Outside the EU, however, increasing legislation and differing net-zero commitments in various countries are creating a rather fragmented mess for portfolio managers to keep track of. Establishing a clear basis for sustainability in the RE space, such as through the adoption of the KPMG Net Zero Readiness Index (NZRI), could be one way of simplifying and streamlining the built environment’s sustainability journey.
The NZRI compares the actions of 32 countries in reducing their greenhouse gas (GHG) emissions and assesses their ability to achieve net-zero emissions by 2050. The index has found that the sustainable initiatives of many countries are already having a significant impact – with the RE industry playing a prominent role.
Building (or retrofitting) a greener future
Since much of the focus around sustainability centres on government initiatives, efforts to tackle climate change are often hindered, disregarding the profound impact that the private sector can have (and already had) on GHG emissions. As KPMG’s NZRI report concludes, mandatory reporting around carbon emissions can accelerate the net-zero transition and provide the necessary data for investors and lenders to make greener decisions.
Although nations are performing adequately in constructing new low-energy buildings, they continue to struggle to decarbonise existing real estate. The NZRI concludes that all countries outside of the UK have underdeveloped retrofit markets, with inertia, capital cost and a lack of awareness around the benefits among their main challenges.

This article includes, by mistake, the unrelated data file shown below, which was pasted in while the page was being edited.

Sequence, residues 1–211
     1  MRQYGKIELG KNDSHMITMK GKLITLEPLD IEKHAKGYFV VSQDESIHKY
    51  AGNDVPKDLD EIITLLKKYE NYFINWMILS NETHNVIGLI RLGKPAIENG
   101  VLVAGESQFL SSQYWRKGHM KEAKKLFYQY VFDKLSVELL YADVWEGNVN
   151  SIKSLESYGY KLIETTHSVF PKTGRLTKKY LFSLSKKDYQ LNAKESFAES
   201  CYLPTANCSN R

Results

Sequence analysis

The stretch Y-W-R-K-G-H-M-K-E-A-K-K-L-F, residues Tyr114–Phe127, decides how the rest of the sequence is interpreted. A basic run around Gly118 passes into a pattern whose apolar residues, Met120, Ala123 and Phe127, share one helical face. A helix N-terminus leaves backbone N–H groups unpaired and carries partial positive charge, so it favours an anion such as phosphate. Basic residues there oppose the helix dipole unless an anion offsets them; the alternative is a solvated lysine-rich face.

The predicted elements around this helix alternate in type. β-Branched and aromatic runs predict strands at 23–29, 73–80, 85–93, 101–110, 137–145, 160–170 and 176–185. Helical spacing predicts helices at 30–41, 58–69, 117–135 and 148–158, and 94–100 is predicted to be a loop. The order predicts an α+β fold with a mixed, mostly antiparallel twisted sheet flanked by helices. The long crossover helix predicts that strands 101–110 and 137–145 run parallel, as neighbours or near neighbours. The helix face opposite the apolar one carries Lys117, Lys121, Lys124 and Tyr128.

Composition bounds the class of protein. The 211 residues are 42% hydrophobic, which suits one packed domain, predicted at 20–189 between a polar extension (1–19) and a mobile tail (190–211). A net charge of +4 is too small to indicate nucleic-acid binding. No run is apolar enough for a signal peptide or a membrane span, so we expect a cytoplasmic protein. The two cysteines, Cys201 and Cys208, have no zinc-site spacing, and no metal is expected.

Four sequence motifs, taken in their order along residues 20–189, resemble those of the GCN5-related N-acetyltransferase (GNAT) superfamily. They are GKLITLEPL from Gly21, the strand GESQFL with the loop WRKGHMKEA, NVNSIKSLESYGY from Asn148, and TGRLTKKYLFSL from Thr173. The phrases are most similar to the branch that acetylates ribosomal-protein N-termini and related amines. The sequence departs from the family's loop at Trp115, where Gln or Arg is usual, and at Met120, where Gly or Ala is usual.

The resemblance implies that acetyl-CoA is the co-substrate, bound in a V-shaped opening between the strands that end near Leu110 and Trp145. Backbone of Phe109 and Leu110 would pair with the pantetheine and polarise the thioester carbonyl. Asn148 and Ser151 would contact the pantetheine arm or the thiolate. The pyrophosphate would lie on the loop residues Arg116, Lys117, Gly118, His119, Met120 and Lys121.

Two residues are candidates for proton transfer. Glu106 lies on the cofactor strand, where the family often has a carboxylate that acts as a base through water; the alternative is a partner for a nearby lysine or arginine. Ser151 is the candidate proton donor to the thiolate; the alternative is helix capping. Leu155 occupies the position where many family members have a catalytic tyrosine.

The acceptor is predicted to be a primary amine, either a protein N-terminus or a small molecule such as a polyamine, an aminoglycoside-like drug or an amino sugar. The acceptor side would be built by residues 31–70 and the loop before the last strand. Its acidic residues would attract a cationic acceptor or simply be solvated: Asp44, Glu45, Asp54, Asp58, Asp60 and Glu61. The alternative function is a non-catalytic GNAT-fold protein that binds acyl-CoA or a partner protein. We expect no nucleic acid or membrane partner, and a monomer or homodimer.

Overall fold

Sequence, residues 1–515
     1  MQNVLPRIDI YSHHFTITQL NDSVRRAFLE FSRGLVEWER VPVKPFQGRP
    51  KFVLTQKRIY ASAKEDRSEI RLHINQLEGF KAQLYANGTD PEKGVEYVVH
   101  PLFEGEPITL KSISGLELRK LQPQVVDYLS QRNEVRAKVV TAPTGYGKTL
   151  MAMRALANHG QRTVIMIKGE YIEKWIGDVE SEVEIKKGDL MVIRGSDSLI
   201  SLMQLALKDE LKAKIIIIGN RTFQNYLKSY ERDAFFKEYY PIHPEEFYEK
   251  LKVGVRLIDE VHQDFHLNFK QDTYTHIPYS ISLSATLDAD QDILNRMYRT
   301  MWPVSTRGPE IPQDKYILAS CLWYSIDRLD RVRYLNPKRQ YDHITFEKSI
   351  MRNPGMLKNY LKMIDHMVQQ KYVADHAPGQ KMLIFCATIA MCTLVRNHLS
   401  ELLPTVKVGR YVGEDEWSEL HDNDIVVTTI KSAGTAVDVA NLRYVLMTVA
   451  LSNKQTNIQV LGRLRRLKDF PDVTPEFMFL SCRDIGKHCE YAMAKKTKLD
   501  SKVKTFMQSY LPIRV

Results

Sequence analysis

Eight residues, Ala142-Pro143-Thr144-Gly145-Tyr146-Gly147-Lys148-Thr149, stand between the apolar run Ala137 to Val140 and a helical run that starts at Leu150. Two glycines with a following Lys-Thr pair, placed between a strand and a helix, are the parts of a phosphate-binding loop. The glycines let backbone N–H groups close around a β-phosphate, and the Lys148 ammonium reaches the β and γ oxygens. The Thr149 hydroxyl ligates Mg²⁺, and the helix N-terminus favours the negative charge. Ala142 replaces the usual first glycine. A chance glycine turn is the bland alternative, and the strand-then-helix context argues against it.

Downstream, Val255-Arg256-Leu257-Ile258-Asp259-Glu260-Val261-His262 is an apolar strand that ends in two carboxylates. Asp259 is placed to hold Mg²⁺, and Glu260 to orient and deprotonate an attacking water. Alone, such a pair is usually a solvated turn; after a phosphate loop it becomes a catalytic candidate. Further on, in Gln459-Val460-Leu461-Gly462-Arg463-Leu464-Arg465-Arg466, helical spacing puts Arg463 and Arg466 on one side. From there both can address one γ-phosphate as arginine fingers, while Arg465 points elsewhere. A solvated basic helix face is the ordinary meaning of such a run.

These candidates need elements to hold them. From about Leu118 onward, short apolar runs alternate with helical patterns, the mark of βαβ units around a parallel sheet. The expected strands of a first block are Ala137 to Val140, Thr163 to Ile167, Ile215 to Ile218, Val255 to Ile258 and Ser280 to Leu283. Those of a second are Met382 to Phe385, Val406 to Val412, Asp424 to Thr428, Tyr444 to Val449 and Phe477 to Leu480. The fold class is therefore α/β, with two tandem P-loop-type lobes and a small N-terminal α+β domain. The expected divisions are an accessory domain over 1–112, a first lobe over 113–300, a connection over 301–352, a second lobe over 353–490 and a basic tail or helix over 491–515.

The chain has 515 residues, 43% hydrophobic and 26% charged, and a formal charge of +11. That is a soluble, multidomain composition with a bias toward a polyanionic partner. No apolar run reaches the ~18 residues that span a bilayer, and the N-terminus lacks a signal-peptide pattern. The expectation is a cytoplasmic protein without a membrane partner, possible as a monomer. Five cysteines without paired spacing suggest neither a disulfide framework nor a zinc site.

Across the real estate value chain, including developers, investors, owner/occupiers and lenders, each stakeholder has an important role to play in meeting the net-zero ambition during the journey to develop and retrofit green buildings. In Canada, for example, where the building sector has been labelled as requiring a green transition, it has been determined that the building sector GHG emissions could be cut by 17% compared to 2005 levels by constructing all new large buildings to zero-carbon standards from 2017 through to 2030. Alternatively, the same emissions could be reduced by a maximum of 51% by retrofitting existing buildings with green solutions.
Fundamentally, value-chain stakeholders must stand shoulder to shoulder to tackle climate change – either in funding new construction projects or in retrofitting existing buildings. Based on the 2020 Real Estate Assessment Results from GRESB (Global ESG Benchmark for financial markets), this appears to be happening, with accelerating investor demands for ESG data stimulating participation in the assessment by 22%.
Landlords, investors and corporate occupiers have to join forces to explore short-term and long-term investments in the energy transition. While tenants usually think less than five years ahead, building owners and landlords generally operate within a 15-to-30-year time frame. Both outlooks will be vital.
Hopefully, this first blog has made you aware of the significant role building owners and property managers will play on our journey towards global sustainability. In my next blog, I will elaborate on the specific challenges for the real estate value chain on this journey, diving into, for example, the lack of reliable data for sustainability reporting.
If you’d like some interesting reading in the meantime, take a look at this research paper from KPMG that might inspire you to explore opportunities to transition to a more sustainable future.